Now we are dealing with the most recent failure in the dangerous business of exploring space. Once more, there is a real risk of overkill as congressional committees, engineers and managers concluded they have a duty to take all human risk out of the operation.
The Shuttle Thermal Protective System is a complex and impressive solution to the re-entry heating problem. The tile component is extremely fragile; the reinforced carbon-carbon a bit more robust. Design requirements say the delicate heat-shield tiles should not be hit by anything, even raindrops. It was, obviously, never expected to launch through a hailstorm of external tank insulation, the most likely cause of the Columbia disaster. That possibility was avoided - or so NASA believed - by the selection of the foam insulation material and the adhesive for attachment. Foam insulation has come off the external tank on a majority of missions. After 20 years of successful re-entries with some tile damage, management became used to the risk. Since NASA did not consider some damage to the tiles on launch a safety issue, it was only a slight stretch to conclude that Columbia would be OK, as well.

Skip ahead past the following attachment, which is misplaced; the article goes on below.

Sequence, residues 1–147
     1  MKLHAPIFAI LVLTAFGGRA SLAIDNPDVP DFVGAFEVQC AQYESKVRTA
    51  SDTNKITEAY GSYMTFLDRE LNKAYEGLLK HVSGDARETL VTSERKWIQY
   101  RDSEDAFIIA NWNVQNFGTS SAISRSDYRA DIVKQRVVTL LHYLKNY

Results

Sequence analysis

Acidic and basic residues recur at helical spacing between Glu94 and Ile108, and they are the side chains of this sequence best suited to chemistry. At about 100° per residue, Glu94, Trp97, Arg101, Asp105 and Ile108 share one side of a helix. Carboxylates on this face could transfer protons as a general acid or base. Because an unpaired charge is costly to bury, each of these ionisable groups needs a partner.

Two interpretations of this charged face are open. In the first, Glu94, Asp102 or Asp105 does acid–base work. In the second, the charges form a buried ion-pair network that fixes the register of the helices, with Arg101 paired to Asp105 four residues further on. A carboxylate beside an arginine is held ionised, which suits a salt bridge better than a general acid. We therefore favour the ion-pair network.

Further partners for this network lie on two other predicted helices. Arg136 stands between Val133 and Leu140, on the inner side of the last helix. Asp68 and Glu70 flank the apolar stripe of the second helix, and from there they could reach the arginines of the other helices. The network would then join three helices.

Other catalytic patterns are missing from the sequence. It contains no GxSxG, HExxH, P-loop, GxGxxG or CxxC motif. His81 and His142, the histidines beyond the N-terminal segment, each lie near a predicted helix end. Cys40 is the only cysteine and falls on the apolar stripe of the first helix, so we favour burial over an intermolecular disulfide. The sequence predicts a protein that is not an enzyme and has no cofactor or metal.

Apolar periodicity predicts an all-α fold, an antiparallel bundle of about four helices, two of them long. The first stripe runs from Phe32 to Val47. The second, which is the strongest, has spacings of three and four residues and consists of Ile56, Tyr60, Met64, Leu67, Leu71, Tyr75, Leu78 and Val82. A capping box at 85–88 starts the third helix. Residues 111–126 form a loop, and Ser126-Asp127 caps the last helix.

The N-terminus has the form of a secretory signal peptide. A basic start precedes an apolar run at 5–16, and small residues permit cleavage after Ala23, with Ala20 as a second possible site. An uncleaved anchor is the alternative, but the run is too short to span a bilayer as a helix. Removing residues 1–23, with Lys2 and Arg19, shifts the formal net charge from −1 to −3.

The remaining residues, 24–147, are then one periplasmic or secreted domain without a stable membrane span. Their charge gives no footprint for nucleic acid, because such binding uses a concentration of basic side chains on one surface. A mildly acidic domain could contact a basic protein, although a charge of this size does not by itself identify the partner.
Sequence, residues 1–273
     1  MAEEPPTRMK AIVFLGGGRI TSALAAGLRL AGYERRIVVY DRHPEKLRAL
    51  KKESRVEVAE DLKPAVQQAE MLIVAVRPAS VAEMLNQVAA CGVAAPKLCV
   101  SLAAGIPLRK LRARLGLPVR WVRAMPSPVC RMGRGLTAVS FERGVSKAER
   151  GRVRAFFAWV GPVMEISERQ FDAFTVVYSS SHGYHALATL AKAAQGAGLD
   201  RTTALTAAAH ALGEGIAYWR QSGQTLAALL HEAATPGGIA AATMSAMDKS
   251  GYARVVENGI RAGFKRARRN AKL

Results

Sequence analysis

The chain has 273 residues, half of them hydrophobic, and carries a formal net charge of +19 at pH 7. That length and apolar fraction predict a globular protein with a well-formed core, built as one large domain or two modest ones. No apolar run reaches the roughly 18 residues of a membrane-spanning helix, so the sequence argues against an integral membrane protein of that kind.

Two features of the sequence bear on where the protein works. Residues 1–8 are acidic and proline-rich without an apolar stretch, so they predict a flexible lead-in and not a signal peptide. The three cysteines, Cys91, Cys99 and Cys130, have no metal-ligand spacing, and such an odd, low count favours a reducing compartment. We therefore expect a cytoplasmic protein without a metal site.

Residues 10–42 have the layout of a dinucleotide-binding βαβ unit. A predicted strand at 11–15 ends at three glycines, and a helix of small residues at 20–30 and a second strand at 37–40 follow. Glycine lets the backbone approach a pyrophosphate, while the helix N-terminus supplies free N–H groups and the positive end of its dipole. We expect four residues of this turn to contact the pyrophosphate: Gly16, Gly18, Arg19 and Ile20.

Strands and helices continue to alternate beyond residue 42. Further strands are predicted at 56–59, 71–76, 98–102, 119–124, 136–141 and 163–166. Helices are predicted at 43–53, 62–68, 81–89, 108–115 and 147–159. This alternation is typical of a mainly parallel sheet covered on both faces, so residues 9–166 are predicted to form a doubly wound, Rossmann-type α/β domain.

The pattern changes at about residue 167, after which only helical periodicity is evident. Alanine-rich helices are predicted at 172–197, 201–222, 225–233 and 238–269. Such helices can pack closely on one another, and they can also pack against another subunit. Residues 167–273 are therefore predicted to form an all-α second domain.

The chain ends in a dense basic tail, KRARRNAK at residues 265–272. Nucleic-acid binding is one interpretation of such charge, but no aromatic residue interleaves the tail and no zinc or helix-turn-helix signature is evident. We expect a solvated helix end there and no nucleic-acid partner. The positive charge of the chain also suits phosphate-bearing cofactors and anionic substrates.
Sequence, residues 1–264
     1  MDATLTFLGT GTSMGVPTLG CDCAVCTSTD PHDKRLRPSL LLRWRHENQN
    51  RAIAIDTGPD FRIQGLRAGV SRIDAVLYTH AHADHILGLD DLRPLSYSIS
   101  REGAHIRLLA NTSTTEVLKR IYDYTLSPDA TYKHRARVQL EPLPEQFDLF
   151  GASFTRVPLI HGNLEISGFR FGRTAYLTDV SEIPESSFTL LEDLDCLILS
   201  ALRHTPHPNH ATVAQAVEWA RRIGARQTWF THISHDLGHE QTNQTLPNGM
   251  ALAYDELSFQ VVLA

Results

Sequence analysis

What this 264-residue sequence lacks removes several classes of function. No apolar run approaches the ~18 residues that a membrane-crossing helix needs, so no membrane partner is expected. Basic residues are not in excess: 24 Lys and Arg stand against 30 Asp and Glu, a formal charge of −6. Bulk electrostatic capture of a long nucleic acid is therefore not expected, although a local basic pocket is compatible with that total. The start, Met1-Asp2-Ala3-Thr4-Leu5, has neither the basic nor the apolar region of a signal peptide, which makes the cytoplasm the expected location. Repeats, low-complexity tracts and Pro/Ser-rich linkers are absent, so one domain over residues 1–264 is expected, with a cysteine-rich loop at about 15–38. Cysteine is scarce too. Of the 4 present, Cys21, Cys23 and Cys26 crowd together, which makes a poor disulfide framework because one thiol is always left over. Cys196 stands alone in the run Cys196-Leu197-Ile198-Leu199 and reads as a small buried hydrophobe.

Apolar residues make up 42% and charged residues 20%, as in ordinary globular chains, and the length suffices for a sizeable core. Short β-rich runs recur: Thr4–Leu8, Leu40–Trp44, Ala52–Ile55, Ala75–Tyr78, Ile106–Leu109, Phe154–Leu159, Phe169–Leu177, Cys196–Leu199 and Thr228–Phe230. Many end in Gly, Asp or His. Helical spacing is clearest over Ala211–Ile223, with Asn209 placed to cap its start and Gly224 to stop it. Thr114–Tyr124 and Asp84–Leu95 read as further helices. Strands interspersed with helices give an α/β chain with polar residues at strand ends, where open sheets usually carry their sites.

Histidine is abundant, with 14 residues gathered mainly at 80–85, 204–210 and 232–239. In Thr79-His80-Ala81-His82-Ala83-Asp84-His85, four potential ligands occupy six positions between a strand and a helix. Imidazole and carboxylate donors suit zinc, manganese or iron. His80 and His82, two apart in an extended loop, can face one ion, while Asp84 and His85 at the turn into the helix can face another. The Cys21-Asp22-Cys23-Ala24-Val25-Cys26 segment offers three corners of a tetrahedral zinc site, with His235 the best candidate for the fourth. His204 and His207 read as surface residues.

Once again, overconfidence and complacency have encouraged bad judgment. Our weakness was not so much in our equipment as in our decision processes. But management's honest and incorrect conclusion that the falling insulation caused little damage did not lead to the loss of the crew. It was the long series of decisions by NASA management to continue launching orbiters through shedding insulation that led to loss of the Columbia and its crew.
Even if they had correctly concluded that the insulation had damaged the Orbiter's thermal protection system enough to compromise re-entry, there was absolutely nothing that could have been done to save the crew. All those knowledgeable about space flight and the space shuttle know that. When the shuttle program manager, Ron Dittemore, was honest enough to say so, the NASA Administrator, Sean O'Keefe, took exception at a congressional hearing, saying, "To suggest that we would have done nothing is positively fallacious. If there had been... a clear indication (of problems)... there would have been no end to the efforts...".
O'Keefe, who has otherwise handled the Columbia disaster very well, was displaying three deficiencies: lack of space experience; lack of systems knowledge; and lack of awareness that, in manned spaceflight, it's only results that count, not efforts.
During the 1990s, under continuous budget pressure, NASA delayed some scheduled safety improvements. This reduced the emphasis on safety and contributed to an attitude of doing the job in spite of budget deficiencies. So far, it does not appear to have played a direct role in the Columbia disaster.
Second-guessers have had a field day speculating on what NASA could have been done to save Columbia. Even if we had known STS-107 was in trouble, all the second-guessing schemes were virtually impossible, took dangerous shortcuts on procedures and training and violated operating norms and mission rules developed over decades of spaceflight. They would all have introduced more risk to an already hazardous undertaking.